The U.S. trade ban against Huawei has drastically reduced the amount of components the Chinese brand can acquire from U.S. firms. So what does that mean for the Huawei P30 Pro, released before the saga unfolded?
Well, Nikkei has conducted a teardown of the new flagship, revealing that 0.9 percent of all components in the P30 Pro come from the U.S. More specifically, 15 U.S. parts are used out of a total of 1,631.
U.S. parts account for 16.3 percent of the total component cost though, or $59.36 out of $363.83. Some of the more prominent U.S. parts spotted in the Huawei P30 Pro teardown include DRAM from Micron, communication semiconductors from Skyworks and Qorvo, and Gorilla Glass from Corning.
It’s unclear if Huawei has swapped out components in the P30 Pro following the trade ban, but the company was reportedly stockpiling components before it was added to the U.S. Entity List. Several U.S. companies are also said to be using a legal loophole to keep selling parts to the Chinese brand.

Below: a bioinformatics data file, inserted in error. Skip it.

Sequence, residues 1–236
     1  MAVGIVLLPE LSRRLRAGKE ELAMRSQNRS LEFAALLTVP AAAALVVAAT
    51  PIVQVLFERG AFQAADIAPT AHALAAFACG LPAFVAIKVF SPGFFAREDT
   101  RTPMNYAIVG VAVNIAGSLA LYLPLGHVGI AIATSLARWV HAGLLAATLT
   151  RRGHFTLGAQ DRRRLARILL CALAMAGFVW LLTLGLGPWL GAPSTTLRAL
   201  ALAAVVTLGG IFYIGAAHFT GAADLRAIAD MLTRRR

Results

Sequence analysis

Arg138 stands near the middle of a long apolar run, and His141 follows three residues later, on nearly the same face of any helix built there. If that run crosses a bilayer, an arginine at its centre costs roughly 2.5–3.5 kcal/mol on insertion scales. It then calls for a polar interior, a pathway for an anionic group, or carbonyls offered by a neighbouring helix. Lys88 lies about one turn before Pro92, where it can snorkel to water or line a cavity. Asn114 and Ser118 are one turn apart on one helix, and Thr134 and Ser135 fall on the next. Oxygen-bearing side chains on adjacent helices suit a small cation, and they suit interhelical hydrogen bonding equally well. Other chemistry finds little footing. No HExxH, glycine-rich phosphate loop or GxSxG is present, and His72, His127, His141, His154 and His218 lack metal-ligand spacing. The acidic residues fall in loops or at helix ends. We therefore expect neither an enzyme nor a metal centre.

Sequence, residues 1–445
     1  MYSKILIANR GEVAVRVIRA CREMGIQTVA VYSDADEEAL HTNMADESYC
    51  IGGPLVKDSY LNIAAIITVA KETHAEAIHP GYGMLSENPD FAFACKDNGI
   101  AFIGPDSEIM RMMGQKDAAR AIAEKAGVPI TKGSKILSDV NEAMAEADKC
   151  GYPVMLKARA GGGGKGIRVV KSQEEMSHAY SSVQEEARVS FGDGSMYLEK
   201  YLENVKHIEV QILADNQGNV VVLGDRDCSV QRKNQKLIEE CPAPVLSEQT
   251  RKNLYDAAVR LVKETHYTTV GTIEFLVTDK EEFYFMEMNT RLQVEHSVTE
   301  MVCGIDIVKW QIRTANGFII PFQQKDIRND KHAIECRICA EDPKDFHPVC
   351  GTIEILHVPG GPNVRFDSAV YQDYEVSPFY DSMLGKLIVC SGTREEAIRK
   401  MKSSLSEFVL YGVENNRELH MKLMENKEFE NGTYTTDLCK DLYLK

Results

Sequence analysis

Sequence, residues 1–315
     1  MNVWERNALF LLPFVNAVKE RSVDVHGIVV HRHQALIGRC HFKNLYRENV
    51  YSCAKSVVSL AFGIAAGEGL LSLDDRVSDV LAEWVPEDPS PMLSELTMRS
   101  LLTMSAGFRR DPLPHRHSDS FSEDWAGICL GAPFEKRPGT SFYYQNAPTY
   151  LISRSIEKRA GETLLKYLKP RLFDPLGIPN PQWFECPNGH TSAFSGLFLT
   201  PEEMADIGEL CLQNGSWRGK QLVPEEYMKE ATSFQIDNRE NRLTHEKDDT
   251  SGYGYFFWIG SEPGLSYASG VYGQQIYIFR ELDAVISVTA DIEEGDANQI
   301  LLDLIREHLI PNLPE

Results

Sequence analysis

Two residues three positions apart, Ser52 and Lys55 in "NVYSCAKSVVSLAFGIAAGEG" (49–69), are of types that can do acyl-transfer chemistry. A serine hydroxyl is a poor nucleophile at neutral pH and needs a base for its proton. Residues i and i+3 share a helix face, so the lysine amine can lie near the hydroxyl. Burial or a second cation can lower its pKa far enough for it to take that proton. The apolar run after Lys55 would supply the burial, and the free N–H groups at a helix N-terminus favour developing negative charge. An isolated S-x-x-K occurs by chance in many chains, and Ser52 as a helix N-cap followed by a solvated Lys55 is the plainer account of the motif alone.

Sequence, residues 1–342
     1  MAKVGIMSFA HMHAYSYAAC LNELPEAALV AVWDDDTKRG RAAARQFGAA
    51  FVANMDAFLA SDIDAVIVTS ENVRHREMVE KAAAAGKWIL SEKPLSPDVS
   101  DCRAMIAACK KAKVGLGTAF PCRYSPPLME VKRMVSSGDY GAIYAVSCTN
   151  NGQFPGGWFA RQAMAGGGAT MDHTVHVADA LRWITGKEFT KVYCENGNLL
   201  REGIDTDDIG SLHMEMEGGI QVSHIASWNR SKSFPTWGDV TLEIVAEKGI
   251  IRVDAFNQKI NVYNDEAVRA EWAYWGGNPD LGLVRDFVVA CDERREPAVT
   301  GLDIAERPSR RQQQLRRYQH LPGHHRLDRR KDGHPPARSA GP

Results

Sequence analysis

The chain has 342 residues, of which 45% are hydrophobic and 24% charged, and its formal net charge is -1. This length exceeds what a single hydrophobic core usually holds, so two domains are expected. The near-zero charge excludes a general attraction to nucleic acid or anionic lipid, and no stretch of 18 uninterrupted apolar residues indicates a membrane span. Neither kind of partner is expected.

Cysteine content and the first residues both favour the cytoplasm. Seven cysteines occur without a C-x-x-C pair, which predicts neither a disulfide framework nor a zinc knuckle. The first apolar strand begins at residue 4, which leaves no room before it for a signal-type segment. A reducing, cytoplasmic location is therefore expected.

In any event, it’s clear U.S. parts only make up a tiny percentage of all components in the latest Huawei flagship. These parts are pretty valuable though, so Huawei will need to come up with alternative suppliers or develop its own parts if the trade embargo remains in place or loopholes are closed.